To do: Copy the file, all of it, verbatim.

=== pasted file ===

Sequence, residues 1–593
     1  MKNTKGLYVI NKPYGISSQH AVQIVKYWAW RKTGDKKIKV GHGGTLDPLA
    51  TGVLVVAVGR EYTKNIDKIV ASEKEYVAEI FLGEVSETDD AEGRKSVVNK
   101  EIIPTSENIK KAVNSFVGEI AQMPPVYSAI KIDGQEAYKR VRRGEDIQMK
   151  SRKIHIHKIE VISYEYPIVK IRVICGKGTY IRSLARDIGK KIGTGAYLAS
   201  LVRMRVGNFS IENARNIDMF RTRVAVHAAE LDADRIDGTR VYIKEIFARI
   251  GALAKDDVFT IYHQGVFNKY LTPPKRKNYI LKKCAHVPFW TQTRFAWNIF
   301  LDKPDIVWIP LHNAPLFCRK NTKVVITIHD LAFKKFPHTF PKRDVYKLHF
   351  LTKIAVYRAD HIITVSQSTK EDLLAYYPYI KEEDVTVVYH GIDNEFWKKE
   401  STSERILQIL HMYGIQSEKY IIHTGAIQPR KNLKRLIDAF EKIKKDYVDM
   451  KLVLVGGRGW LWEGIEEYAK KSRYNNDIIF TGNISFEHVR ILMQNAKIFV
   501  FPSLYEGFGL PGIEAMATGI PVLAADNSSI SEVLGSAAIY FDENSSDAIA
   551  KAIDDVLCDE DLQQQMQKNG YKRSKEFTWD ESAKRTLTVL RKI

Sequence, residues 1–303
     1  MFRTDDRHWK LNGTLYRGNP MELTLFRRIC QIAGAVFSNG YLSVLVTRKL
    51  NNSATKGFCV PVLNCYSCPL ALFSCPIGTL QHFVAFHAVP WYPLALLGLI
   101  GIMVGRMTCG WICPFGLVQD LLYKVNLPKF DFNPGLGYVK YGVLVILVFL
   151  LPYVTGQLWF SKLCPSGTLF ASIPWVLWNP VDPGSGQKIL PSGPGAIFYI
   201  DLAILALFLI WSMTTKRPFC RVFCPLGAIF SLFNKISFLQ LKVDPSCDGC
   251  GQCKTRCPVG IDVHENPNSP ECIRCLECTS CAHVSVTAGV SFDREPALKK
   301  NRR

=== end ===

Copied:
Sequence, residues 1–593
     1  MKNTKGLYVI NKPYGISSQH AVQIVKYWAW RKTGDKKIKV GHGGTLDPLA
    51  TGVLVVAVGR EYTKNIDKIV ASEKEYVAEI FLGEVSETDD AEGRKSVVNK
   101  EIIPTSENIK KAVNSFVGEI AQMPPVYSAI KIDGQEAYKR VRRGEDIQMK
   151  SRKIHIHKIE VISYEYPIVK IRVICGKGTY IRSLARDIGK KIGTGAYLAS
   201  LVRMRVGNFS IENARNIDMF RTRVAVHAAE LDADRIDGTR VYIKEIFARI
   251  GALAKDDVFT IYHQGVFNKY LTPPKRKNYI LKKCAHVPFW TQTRFAWNIF
   301  LDKPDIVWIP LHNAPLFCRK NTKVVITIHD LAFKKFPHTF PKRDVYKLHF
   351  LTKIAVYRAD HIITVSQSTK EDLLAYYPYI KEEDVTVVYH GIDNEFWKKE
   401  STSERILQIL HMYGIQSEKY IIHTGAIQPR KNLKRLIDAF EKIKKDYVDM
   451  KLVLVGGRGW LWEGIEEYAK KSRYNNDIIF TGNISFEHVR ILMQNAKIFV
   501  FPSLYEGFGL PGIEAMATGI PVLAADNSSI SEVLGSAAIY FDENSSDAIA
   551  KAIDDVLCDE DLQQQMQKNG YKRSKEFTWD ESAKRTLTVL RKI

Sequence, residues 1–303
     1  MFRTDDRHWK LNGTLYRGNP MELTLFRRIC QIAGAVFSNG YLSVLVTRKL
    51  NNSATKGFCV PVLNCYSCPL ALFSCPIGTL QHFVAFHAVP WYPLALLGLI
   101  GIMVGRMTCG WICPFGLVQD LLYKVNLPKF DFNPGLGYVK YGVLVILVFL
   151  LPYVTGQLWF SKLCPSGTLF ASIPWVLWNP VDPGSGQKIL PSGPGAIFYI
   201  DLAILALFLI WSMTTKRPFC RVFCPLGAIF SLFNKISFLQ LKVDPSCDGC
   251  GQCKTRCPVG IDVHENPNSP ECIRCLECTS CAHVSVTAGV SFDREPALKK
   301  NRR